Renowned American actor, comedian, and musician Dick Smothers has made a lasting impression on the entertainment industry. Dick, who was born in New York City on November 20, 1939, became well-known with his brother Tom as part of the renowned comic duo the Smothers Brothers.
They pushed the limits of humor and social conventions with their ground-breaking variety show, “The Smothers Brothers Comedy Hour,” during the turbulent 1960s. Aside from his comedic skills, Dick Smothers has had a varied career, entertaining audiences and accumulating a net worth that reflects his enduring influence on American culture.
Dick Smothers Net Worth
Dick Smothers is a $2 million-rich American actor, comedian, songwriter, and musician. Dick gained notoriety as one half of The Smothers Brothers, a humorous musical act that originated in the 1950s.
Dick Smothers and his brother Tom Smothers subsequently stopped doing regular performances, but they got back together in 2019 for a Florida charity event.
Apart from his collaboration with Tom, Dick has starred in a number of independent films, the most well-known of which is Martin Scorsese’s “Casino.” In this movie, Smothers portrayed one of his few severe parts as a corrupt senator from Nevada.
Dick Smothers’s Early Life
The son of homemaker Ruth (née Remick) and Army officer Thomas B. Smothers, who perished in April 1945 as a Japanese prisoner of war, Smothers was born in New York City in 1938. His mother’s maiden name is the source of his middle name, Remick.
Following his relocation to Southern California, Dick completed his high school education at Verdugo Hills in Tujunga, California, and Redondo Union in Redondo Beach.
He subsequently enrolled in San José State University, which was formerly known as San José State College. Smothers ran distance for the SJSC track team, which was led by coach Lloyd (Bud) Winter.
Dick Smothers’s Personal Life
Smothers filed for Chapter 11 bankruptcy protection in February 2010. He and his brother made their tour retirement announcements in May. Dick Jr., Andrew, Steven, Sarah, Susan, and Remick are his six children. Right now, he lives in upstate New York. Smothers wed Marie Navarolli Kropp in September 2022.
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Dick Smothers’s Financial Issues
Dick has experienced severe financial difficulties over the years. Dick Smothers declared Chapter 11 bankruptcy in February 2010 as a result of the collapse of the housing market. He was among the numerous individuals impacted by the 2008 financial crisis.
His assets were valued at just $2 million, but his debt was reported as being $2.8 million in his bankruptcy declaration. In addition, he said that his creditors were harassing him, taking garnishments from his paychecks, and even phoning him under pretenses to find out what was in his bank account. Dick was by now making a valiant effort to sell off his numerous Florida properties.
The Who played on their performance in 1967, causing controversy. After performing “My Generation,” the ensemble detonated their instruments, causing a more significant boom than expected.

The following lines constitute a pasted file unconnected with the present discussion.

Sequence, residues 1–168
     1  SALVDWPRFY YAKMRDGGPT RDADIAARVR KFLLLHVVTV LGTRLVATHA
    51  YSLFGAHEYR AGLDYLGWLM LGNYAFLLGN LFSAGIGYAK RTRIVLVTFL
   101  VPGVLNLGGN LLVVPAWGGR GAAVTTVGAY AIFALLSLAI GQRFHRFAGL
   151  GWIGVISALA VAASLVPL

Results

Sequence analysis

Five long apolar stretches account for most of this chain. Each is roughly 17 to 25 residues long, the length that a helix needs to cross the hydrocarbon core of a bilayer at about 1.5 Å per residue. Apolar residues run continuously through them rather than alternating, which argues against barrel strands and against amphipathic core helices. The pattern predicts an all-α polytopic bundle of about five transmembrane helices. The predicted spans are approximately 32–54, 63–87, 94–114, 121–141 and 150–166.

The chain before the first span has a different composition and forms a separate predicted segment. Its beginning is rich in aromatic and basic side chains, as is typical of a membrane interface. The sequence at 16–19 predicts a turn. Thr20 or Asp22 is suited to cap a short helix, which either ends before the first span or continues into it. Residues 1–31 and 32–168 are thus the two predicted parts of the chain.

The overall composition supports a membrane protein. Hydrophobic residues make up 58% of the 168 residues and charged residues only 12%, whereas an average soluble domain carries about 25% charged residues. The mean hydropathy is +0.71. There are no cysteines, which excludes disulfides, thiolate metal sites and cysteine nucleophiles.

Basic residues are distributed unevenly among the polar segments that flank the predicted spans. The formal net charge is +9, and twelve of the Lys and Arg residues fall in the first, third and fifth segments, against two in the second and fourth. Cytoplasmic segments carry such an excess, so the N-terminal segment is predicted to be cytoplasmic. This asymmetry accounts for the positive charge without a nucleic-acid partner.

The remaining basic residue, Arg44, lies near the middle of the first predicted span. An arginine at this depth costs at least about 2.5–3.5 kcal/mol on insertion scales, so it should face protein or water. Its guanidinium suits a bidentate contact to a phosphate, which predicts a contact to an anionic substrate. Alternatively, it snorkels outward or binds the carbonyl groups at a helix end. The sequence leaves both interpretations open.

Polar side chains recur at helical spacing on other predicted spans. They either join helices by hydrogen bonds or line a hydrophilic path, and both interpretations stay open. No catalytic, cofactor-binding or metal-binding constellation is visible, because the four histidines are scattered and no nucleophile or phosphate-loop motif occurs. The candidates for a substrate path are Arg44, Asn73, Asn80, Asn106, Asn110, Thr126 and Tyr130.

Three small explosive charges were accidentally attached to the drum set, causing shrapnel to fly about the stage. Keith Moon (drummer) groaned after a drum set piece cut his arm. Guitarist Pete Townshend’s hair caught fire, and the blast reportedly caused his hearing loss.
Their show became more controversial as it gained popularity. Their comedy began to address the President, racism, and the Vietnam War. Smothers Brothers clashed with CBS, which sought to censor their broadcasts, over these issues tightly.
The Smothers Brothers and producers grew increasingly furious when entire sequences were eliminated. The show ended in 1969 due to these conflicts. The Smothers Brothers sued the network for breach of contract but failed. However, they won an Emmy that year.
Dick Smothers’s Career
Dick and his brother first performed at The Purple Onion in San Francisco in 1959. After becoming a nightclub staple, they signed with Mercury Records. This produced top-40 records like “Curb Your Tongue, Knave!”
They expanded into television during the next few years. They made their TV debut on “The Jack Paar Show” in 1961. This was the start of several TV appearances on “The Judy Garland Show” and “Burke’s Law.”
The 1965 sitcom “The Smothers Brothers Show.” was their debut TV series. Unfortunately, this show was discontinued after one year due to low viewership.
After this disappointment, the Smothers Brothers released “The Smothers Brothers Comedy Hour.” a year later. This show defied all the rules and was one of the wildest on TV.
A great team of writers and performers, including presidential contenders and hippies, made the show successful for years before ending in 1969.
George Harrison, Ringo Starr, Buffalo Springfield, Cream, The Doors, Jefferson Airplane, Steppenwolf, Simon and Garfunkel, and The Who performed on the show throughout two years.
In the 1950s, Pete Seeger was blacklisted for his political views, making this concert contentious early on. The show’s anti-Vietnam War attitude will characterize the Smothers Brothers in the future.
Dick and Tom appeared in other projects after their sitcom ended. Despite being forgettable, these projects were buzzworthy in the entertainment industry. They reunited for a CBS concert later that decade to celebrate their show’s 20th anniversary.
Things slowed dramatically in the 1990s, although Dick got a supporting role in Martin Scorsese’s 1995 feature “Casino.” After touring extensively and performing in Las Vegas, the pair retired in 2010.
They reunited in Florida for another performance. After discussing their professions, they answered questions instead of acting. This performance raised money for the National Comedy Center.